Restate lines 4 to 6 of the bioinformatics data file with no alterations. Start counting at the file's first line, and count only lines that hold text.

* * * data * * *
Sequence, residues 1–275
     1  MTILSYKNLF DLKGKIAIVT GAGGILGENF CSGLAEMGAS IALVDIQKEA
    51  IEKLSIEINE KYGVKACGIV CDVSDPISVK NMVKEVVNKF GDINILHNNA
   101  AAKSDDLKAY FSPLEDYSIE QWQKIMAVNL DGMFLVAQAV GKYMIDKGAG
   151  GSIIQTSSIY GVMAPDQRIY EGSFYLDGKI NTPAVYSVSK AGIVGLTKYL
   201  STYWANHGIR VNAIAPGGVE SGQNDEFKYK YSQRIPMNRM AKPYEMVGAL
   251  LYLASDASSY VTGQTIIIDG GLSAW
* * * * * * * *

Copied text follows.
   101  AAKSDDLKAY FSPLEDYSIE QWQKIMAVNL DGMFLVAQAV GKYMIDKGAG
   151  GSIIQTSSIY GVMAPDQRIY EGSFYLDGKI NTPAVYSVSK AGIVGLTKYL
   201  STYWANHGIR VNAIAPGGVE SGQNDEFKYK YSQRIPMNRM AKPYEMVGAL